Table A lists the dating factors of the card stock used in mounting the image. Table B lists the dating factors of the decorative features found on the front of the CdV. Tables C and D list the dating factors of the imprint and backmark features found on the reverse of the card. Table E lists the dating factor of the image medium. Table F lists the dating factors of portrait styles. The shaded areas on all the tables highlights the Civil War years. One must keep in mind that many images we connect with the war years were taken after April 1865 and up to about 1868—that includes soldiers in uniform. Another factor to consider when characteristics are at opposition is that an earlier image might have been copied and mounted later.[vi]

As a demonstration for using the tables, a typical card photograph’s date (see FIG. 2A and FIG. 2B) can be approximated:
  • Card Stock: white, less that 0.20 thick, with square corners (slightly rounded with handling) = 1858–69.[i]
  • Decorative Features: two line border (thick and thin gilt) = 1861–69.
  • Imprint Features: three lines with the word “duplicates” = 1861–66.
  • Backmark Features: revenue stamp (two cent playing card (Scott R11 R2), photographer’s initials, but no date) = 1864–66.
  • Image Medium: albumen paper = 1858–72.
  • Portrait Styles: seated pose with drape or simple furniture = 1860–66.

[i]. The card’s height was trimmed (possibly to fit in an album). The very small radius (3/32 inch) rounded corners.

Combining and analyzing that dating ranges, the narrowest window is 1864–66. In this rare case, the subject has put a fancy stamp with his name and either he or the photographer, J. D. Vickery, has affixed a date to the image. The stamp may have been sold to him by the photographer. Further research of business directories and tax records might reveal information about the years that Vickery was taking photographs in Bath, New York.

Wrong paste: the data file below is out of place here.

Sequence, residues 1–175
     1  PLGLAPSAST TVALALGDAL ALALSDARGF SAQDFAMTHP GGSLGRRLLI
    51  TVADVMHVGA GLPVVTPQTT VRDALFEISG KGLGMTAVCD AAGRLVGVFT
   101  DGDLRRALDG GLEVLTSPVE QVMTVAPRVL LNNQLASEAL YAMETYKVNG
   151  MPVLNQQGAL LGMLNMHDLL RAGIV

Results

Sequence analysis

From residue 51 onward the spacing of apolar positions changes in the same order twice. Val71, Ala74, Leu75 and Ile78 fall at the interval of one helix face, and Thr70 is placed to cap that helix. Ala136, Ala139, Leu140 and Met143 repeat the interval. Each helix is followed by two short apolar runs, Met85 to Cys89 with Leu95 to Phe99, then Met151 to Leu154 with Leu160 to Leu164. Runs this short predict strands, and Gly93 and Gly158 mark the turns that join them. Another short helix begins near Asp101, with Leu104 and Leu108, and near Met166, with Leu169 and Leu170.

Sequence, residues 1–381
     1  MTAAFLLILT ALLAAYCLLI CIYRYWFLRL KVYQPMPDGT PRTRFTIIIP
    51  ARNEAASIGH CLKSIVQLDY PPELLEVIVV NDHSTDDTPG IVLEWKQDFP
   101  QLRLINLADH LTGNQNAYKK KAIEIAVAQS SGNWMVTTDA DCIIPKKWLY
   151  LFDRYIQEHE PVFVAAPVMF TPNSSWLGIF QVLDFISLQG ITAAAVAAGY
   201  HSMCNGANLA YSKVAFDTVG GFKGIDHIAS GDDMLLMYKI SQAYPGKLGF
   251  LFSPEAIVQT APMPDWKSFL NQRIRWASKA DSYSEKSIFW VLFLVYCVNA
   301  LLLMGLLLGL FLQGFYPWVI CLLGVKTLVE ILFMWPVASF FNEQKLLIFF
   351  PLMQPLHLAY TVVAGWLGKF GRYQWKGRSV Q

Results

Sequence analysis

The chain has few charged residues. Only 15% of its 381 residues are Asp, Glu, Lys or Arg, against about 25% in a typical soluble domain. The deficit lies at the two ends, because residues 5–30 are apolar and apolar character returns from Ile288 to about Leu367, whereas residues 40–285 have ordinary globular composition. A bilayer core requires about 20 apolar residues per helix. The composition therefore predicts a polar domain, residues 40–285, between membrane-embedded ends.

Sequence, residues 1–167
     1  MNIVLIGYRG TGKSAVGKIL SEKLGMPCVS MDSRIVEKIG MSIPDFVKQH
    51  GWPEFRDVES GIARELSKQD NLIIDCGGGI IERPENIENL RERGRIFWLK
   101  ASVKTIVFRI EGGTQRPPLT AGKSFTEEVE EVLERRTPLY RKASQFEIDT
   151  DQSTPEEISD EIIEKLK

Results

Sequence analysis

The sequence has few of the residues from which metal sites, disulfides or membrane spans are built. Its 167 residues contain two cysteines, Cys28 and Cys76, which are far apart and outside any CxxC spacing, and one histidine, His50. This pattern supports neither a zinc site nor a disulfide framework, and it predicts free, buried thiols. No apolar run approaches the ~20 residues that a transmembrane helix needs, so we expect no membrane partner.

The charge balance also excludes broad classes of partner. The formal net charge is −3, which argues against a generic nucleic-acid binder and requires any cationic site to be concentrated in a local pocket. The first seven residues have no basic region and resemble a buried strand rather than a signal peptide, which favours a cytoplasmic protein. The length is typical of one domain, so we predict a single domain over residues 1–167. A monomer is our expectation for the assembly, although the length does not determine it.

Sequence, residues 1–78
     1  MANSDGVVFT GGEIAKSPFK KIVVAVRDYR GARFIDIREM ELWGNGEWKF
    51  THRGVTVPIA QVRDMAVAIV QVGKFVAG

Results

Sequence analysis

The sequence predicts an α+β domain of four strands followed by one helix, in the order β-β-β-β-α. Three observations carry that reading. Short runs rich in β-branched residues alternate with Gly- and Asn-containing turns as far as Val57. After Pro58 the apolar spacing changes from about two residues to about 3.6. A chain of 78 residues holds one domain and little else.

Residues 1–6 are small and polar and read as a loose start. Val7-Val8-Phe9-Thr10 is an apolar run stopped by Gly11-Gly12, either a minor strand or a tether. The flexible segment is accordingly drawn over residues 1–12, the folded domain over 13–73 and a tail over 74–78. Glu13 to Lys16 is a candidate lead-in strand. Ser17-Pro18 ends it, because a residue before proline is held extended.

A list of additional reference books related to card mounted photographs appears at the end of this article. Researchers are strongly advised to spend time studying them as the effort will greatly aid their efforts. Since card mounted photographs are rarely found with even the minimum of information such as on the back of the image in FIG. 2B, at least the image and its mount can be dated for studying the clothing, objects or physical scene in the photograph.


Fig. 1

A calling card with a mounted photograph. This “visiting” card is atypical in that it has a Gem size tintype mounted to it. Most calling cards did not. A search of 1860 and 1870 US Census indices not turn up a match for a Ned (or Fred) D. Simpson (or Sampson). The actual size of the card is 2.00 by 3.44 inches.

Fig. 2A & 2B

CdV of Jacob Hurley taken on 20 June 1866 and the reverse of the card. Card photographs with both the name of the subject and the date of the photograph are scarce. Rarer still is to find that information on a card with a backmark. Jacob Huber was an 1852 immigrant from Wurttemberg who settled in Bath, New York. He worked as shoemaker and laborer, and eventually became a gardener and church sexton around 1890. He may have died between 1910 and 1920 as he disappears from the US census records.

Fig. 4

Oval Frames. From left to right: one or more lines, decorative, decorative with tassels and decorative with rectangular surround.

Fig. 5

Two examples of printed labels for Fredericks and Company.

Fig. 6

Typeset imprint.

Fig. 7

Single line imprint.

Fig. 8

Three line imprint without “negatives” or “duplicates”.

Fig. 9

Three line imprint with “negatives” or duplicates.”

Fig. 10

Vignette Imprint.

Fig. 11

Imprint with curved lines.

Fig. 12

Large typeset imprint.

Fig. 13

Name vignette.

Fig. 14

Rubber stamped.

Fig. 15

Ornate Vignette.

Fig. 16

“Camera and Cherubs” graphic.

Fig. 17

Ornate ground work with bilateral ovoid area for imprint.

Fig. 18

Revenue stamp box.

Fig. 19

Revenue stamp affixed.

Fig. 20

Lengthwise imprint.

Article and photographs courtesy of MiPHS ranking member Bill Christen.